Published in March 2016 issue

By Ilkka Kangastalo

FIinnair,  a small Nordic airline from a small Nordic country, is currently upgrading its long-haul fleet. Finnair’s (AY) first Airbus A350 was delivered on October 7, and there are many more to come.

It was a day to remember. The brand new airliner taxiing slowly toward the gate, with the setting fall sun right behind it. The fire trucks giving it their usual water cannon salute. It was a thrilling moment at Helsinki airport.

Something like this will not happen again in a while, I found myself thinking: a new aircraft type, the first to be delivered to this airline, and the first operational aircraft of its type for a European airline. The last such event in Helsinki took place in 1990, when Finnair received its first McDonnell Douglas MD-11.

“It is a very fine aircraft,” says Antti Lehto, a senior training Captain with 17,000 hours of commercial flying for Finnair who, over the past 10 years, has been flying long-haul, mostly to Asia.

Antti Lehto flew his first longhaul trip with the A350 at the end of October, flying from Helsinki (HEL) to Shanghai (PVG) and back. The aircraft, OH-LWA, performed well.

“We flew 40 minutes quicker from Shanghai to Helsinki than I did when I flew the same route with the Airbus 330,” he says. “The A350 effortlessly flies at Mach 0.85, compared to the 0.81 of the A330.”

On the way back, Lehto communicated on company frequency with another Finnair Crew coming from Beijing (PEK). It turned out that, for his A350, Lehto had ordered the same amount of fuel as the other Captain, whose A340 was flying an approximately 660 nautical miles (1,220 km) shorter trip .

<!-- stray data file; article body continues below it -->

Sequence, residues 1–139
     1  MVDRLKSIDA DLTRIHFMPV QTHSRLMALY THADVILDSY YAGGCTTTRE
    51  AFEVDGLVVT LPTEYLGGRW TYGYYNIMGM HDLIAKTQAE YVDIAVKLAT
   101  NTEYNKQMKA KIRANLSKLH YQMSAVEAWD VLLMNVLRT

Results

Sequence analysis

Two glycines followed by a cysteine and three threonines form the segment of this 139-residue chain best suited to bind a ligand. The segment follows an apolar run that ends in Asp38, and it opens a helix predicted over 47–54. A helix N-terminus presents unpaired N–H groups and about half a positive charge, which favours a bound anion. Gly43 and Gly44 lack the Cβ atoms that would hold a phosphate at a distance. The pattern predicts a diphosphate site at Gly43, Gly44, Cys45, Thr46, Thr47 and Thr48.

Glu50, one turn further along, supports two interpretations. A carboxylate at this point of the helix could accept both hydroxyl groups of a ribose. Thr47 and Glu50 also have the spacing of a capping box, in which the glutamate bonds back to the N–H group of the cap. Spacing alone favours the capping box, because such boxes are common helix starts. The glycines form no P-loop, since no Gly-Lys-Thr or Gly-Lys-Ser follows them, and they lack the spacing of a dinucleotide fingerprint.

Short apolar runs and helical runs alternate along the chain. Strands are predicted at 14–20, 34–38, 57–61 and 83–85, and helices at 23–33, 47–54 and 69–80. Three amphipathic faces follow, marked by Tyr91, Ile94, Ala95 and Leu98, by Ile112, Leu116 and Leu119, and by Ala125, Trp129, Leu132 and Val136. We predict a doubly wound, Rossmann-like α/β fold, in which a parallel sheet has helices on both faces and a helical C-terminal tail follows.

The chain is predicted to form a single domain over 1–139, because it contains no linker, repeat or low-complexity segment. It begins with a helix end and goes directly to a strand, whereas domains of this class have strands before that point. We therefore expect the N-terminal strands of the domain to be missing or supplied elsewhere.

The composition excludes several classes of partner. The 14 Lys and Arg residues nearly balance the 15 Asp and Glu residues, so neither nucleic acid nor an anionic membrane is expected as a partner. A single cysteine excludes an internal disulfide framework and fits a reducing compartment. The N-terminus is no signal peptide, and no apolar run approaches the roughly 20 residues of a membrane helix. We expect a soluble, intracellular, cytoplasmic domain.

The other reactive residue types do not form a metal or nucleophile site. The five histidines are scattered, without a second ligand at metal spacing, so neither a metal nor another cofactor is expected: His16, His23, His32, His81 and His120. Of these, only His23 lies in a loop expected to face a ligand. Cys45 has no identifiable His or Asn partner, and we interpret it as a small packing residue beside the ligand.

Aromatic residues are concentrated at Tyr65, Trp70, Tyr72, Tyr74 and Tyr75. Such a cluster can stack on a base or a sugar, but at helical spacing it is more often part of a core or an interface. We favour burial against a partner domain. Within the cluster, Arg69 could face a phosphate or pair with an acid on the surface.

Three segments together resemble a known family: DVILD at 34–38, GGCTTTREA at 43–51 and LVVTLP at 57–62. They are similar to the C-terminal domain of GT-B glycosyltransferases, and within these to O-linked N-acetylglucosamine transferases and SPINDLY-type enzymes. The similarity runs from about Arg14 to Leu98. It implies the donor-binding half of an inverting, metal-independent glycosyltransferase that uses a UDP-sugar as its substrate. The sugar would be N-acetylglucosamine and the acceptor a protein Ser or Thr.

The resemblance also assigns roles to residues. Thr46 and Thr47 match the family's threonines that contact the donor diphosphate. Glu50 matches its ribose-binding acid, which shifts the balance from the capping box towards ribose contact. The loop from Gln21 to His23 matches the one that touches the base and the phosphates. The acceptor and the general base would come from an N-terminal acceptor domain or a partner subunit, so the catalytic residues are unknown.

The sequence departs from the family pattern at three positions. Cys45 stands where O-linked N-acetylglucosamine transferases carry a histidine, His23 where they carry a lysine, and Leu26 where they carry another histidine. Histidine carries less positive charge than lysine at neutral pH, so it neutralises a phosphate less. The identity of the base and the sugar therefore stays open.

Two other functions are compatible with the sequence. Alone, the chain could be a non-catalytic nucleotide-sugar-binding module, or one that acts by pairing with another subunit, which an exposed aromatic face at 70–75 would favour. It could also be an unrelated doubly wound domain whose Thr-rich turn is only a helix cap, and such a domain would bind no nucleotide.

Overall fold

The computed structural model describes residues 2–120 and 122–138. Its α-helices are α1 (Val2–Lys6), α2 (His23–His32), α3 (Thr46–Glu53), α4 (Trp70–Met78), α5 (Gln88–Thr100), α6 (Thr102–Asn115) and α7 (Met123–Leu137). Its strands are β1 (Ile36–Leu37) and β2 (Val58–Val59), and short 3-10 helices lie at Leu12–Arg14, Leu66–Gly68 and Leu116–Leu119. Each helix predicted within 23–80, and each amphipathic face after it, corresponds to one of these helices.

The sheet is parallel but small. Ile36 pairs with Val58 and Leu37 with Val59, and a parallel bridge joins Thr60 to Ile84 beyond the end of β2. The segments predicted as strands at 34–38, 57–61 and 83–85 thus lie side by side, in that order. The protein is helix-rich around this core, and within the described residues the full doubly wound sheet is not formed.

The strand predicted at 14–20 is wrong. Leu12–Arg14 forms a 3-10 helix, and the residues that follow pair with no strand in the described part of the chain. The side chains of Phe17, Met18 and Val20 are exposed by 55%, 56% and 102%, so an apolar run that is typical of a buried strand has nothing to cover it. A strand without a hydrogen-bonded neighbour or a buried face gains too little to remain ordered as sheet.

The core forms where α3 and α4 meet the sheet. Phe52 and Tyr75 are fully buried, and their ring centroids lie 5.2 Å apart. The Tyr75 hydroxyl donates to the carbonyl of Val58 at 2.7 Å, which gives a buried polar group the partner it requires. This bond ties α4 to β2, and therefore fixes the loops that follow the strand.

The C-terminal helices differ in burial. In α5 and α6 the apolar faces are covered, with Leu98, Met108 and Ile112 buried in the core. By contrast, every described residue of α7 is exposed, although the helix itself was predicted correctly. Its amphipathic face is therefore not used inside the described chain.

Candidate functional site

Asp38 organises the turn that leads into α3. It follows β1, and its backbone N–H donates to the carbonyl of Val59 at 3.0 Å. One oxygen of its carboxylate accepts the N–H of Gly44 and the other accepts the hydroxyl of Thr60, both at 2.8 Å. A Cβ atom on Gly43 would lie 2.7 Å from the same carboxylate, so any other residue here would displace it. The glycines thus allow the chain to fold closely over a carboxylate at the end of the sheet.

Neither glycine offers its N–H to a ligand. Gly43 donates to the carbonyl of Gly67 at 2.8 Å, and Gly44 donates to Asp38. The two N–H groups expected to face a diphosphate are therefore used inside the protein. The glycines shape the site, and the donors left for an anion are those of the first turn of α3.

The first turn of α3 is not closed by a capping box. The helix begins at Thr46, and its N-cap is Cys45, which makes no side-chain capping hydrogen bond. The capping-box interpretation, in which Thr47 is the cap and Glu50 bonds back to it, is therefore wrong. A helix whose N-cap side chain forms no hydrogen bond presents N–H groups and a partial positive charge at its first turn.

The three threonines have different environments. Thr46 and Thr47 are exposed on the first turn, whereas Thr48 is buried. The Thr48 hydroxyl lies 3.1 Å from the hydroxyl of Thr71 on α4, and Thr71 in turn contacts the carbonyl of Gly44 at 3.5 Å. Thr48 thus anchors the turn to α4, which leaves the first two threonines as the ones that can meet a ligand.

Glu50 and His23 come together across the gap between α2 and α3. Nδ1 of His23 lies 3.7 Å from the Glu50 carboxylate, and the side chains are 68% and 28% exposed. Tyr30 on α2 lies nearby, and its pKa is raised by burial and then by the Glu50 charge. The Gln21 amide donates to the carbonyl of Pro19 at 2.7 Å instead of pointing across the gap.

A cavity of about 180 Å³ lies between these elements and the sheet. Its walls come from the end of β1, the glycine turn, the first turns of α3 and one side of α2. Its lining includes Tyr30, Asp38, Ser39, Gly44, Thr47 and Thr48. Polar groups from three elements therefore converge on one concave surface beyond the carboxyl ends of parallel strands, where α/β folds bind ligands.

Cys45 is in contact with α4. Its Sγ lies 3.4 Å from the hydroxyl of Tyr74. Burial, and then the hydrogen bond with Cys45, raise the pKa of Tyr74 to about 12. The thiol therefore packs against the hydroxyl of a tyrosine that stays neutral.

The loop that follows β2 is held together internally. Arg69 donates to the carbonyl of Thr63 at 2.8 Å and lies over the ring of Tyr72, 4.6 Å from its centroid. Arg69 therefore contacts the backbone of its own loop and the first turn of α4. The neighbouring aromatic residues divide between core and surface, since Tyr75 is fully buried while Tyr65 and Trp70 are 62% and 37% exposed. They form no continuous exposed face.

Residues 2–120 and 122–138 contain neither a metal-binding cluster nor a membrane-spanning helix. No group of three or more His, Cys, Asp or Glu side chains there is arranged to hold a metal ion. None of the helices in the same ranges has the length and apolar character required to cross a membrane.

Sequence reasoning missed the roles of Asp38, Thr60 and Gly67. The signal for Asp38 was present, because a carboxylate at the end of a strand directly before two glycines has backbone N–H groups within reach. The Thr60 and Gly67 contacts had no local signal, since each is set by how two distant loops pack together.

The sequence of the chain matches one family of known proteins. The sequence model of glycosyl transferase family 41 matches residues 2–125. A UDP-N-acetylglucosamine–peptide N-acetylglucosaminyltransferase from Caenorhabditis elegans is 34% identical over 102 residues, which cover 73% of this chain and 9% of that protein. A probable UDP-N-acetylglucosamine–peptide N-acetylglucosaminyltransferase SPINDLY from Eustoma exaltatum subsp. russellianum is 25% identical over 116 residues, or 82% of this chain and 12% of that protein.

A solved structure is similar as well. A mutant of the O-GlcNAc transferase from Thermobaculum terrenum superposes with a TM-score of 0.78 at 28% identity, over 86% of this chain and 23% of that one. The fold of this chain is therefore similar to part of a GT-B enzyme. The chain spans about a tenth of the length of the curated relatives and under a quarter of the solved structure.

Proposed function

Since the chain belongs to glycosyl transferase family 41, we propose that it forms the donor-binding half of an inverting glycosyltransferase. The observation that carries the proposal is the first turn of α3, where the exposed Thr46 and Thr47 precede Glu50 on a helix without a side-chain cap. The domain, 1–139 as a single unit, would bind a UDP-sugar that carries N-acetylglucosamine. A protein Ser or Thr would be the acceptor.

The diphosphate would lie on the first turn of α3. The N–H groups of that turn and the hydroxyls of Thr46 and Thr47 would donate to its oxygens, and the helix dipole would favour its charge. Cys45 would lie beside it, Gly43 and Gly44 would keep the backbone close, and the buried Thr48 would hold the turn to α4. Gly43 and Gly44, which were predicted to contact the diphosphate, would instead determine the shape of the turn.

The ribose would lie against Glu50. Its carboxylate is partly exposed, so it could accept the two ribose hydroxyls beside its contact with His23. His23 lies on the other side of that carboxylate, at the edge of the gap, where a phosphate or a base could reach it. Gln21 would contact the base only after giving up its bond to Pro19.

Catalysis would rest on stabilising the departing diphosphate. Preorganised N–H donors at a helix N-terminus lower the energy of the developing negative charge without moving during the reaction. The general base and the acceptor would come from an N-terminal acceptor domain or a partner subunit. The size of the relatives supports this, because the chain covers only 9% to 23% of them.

Finnair had started expanding its long-haul network in early 2000. It added new destinations in Asia and adjusted its European destination timetables to enable smooth passenger transfers with short layover times. Asians, especially the Chinese, were increasingly traveling for leisure, as Europeans already had been. Finnair wanted a share of this.

At a small airport like Helsinki-Vantaa, it is easy for a single airline to arrange smooth connections for its traffic. The airport is not congested at all and, with a third runway added in 2002 and excellent snow-how in semi-arctic winter conditions, Finnair’s gateway has been working very well.

Most of Finnair’s Asian wide-body traffic lands in the afternoon, at around 15:00. The airline’s European connections leave immediately after, and the shortest transfer times are of an hour or even less.

Helsinki is at or very close to a Great Circle Route between Japanese/northern Chinese and Central European airports. This places it much closer to Asia than any other Western European airport, which enables Finnair to keep a 24-hour rotation on Asian routes.

When Finnair’s Asian traffic started to grow, some 10 years ago, all of its long-haul traffic was handled with a small fleet of MD-11s, which suited the network very well. Being able to carry large payloads, the MD-11s never had a problem bringing full loads of passengers and cargo from Bangkok (BKK) to Helsinki (4,625nm), even in strong headwinds during winter.

Finnair did not hide its satisfaction with the MD-11 fleet and would have liked to operate more of them. But the production line was closed and the large cargo operators had purchased all the used MD-11s they could get their hands on. Finnair was able to lease a few more, but then things started to change.